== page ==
Operation: Red Retrieval Visual Effects

I use the term, "visual effects" to cover both digital effects I do in post-production and practical effects that would include effects done on set in front of the camera. I guess I'd also include make-up work as practical effects even though on larger projects make up could be its own dedicated thing.

Have you already seen the movie? See the shot-by-shot break down of every visual effects shot in the film (packed with spoilers)

Practical Effects

I hired an effects artists for 2 days on set. The effects team, Monster in My Closet, made a pair of fake hands whose fingers had been blown off, "as if a bomb exploded while a person was trying to defuse it." (WHOA, did i give away a plot point???) MIC also did make up for those shoot days which included adding blood, grime, dirt, burns to some of the actors. I was going to ask them to also make the actors appear sweaty, but the lights took care of that - that's all real sweat on them. One thing they added on their own accord which I thought was amazing was weathering the costumes to make them look used and dirty.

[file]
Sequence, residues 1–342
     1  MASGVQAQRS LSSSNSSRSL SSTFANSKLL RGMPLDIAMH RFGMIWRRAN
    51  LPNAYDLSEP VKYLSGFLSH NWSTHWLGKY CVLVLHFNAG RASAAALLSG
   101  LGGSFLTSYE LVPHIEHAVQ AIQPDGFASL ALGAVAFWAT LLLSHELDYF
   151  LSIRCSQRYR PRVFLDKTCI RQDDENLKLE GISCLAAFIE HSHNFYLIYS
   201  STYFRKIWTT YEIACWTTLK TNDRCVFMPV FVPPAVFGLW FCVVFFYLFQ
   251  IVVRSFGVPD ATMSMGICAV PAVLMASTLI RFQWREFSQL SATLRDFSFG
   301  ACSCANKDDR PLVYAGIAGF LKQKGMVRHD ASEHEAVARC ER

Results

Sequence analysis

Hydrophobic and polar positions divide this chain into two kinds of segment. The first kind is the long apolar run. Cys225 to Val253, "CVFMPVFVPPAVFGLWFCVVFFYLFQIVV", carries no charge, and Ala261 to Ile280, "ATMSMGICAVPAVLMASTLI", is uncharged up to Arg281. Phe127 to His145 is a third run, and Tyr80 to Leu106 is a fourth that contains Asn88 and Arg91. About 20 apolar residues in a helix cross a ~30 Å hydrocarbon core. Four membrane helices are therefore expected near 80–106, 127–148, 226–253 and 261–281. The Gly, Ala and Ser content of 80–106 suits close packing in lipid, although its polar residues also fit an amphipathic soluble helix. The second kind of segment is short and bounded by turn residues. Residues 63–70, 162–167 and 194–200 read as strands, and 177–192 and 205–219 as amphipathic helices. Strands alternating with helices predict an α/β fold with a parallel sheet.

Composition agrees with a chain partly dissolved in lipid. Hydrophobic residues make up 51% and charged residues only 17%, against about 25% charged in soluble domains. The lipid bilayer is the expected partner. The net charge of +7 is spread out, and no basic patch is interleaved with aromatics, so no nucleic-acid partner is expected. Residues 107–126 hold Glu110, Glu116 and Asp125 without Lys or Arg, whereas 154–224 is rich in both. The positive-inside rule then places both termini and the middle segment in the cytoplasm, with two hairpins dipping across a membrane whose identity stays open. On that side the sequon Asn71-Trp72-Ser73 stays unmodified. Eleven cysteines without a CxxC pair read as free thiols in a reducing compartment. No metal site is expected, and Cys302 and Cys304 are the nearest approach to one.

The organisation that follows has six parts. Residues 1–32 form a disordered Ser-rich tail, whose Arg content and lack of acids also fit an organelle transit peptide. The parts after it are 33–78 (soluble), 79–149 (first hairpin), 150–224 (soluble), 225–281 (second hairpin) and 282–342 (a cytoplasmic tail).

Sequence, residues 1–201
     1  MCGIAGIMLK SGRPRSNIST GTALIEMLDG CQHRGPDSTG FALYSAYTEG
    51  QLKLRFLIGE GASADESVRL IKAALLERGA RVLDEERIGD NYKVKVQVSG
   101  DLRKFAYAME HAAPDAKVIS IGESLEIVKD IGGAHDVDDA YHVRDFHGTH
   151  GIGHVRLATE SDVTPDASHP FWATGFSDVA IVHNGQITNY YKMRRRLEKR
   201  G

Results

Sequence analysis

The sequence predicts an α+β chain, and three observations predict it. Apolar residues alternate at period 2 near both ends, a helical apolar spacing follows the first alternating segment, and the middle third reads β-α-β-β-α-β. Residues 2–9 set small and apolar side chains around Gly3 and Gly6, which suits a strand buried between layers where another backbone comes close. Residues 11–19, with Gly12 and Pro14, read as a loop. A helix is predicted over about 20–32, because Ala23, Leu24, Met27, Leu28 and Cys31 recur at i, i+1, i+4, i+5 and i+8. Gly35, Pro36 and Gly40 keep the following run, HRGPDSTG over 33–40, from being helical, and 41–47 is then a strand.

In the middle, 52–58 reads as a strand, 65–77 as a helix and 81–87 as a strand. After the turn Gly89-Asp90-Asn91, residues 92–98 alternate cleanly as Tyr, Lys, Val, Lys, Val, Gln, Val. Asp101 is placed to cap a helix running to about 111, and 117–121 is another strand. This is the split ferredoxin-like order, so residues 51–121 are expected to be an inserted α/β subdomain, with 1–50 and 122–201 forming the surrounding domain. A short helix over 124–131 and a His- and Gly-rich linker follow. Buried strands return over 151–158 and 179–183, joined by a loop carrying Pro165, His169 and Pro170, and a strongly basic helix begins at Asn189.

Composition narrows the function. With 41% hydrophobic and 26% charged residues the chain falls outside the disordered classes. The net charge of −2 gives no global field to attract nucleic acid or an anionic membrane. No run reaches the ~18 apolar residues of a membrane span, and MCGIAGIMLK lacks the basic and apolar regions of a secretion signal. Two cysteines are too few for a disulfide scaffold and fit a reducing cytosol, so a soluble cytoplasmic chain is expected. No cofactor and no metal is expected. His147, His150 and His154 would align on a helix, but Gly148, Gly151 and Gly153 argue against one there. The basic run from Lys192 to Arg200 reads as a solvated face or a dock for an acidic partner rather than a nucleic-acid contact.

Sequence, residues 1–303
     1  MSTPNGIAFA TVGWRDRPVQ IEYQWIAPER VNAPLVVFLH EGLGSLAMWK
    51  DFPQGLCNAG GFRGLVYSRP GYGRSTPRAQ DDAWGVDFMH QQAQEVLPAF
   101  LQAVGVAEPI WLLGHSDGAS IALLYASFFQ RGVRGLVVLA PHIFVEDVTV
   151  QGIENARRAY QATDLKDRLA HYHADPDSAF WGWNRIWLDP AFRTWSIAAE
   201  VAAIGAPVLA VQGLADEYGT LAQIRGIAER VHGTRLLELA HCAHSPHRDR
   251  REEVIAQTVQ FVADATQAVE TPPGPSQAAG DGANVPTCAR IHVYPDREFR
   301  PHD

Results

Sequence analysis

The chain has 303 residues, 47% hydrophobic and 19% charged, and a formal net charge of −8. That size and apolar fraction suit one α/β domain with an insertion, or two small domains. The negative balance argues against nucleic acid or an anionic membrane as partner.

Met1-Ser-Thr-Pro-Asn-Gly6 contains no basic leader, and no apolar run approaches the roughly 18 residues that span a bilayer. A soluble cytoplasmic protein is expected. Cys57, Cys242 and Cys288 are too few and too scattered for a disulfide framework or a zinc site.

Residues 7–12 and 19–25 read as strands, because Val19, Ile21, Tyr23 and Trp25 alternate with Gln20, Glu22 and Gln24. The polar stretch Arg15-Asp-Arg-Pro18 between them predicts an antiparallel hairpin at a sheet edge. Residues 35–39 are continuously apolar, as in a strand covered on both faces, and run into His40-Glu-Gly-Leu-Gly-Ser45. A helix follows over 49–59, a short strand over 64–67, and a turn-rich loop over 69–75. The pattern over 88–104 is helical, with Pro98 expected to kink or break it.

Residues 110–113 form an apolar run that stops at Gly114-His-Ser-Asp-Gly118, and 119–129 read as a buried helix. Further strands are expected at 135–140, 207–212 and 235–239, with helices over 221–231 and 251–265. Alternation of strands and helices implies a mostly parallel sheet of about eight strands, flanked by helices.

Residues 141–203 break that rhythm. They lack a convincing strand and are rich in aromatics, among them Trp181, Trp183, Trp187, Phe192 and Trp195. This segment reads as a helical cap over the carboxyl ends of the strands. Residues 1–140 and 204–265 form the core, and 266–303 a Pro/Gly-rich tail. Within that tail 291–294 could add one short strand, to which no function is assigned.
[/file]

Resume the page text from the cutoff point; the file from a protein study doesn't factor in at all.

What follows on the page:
Make Up - Weathering

Because my budget was tight, I did my own basic make up for the rest of the shoot. One trick I developed for dirtying up costumes was to use chalk- the big type you buy for your kids to draw on the pavement with. At Target I found a set that included the colors, black, brown, white, grey, and olive. PERFECT! If you grip the chalk and run it's entire side along swat vests, helmets, BDUs (battle dress uniforms), it'll make virtually anything look extra worn out. To make the chalk dust stick for longer, I used a spray bottle filled with hair spray. It works sort of like a coat of transparent glue. The actors ended up sweating so much though that we often would have to reapply 2 or 3 times during the shoot. Another side benefit was that the hairspray was apple scented which helped combat the body odor from all the sweating (it said it HELPED but not entirely succeeded)

Digital Effects

The digital effects for the film were done entirely by myself, partly because I enjoy it and think i'm decent at it, but also because i don't have the budget to hire the level of quality I believe the film requires.

I work in Adobe After Effects and Photoshop. Most of the work I've done is compositing digital assets that I've purchased, found free online, or made myself.

I'd loosely categorize the digital effects work into these categories:

* muzzle flashes
* debris and explosions
* smoke
* tracer fire
* lighting
* other miscellaneous stuff

I'll go into greater detail in subsequent blog posts about these, but for now I'll say that the first 3 were largely done with the help of digital assets purchased from VideoCopilot. (If you're a filmmaker and not nodding like, "Oh yes i know them," then you better go learn about them NOW). I did the remaining items on my own through various means.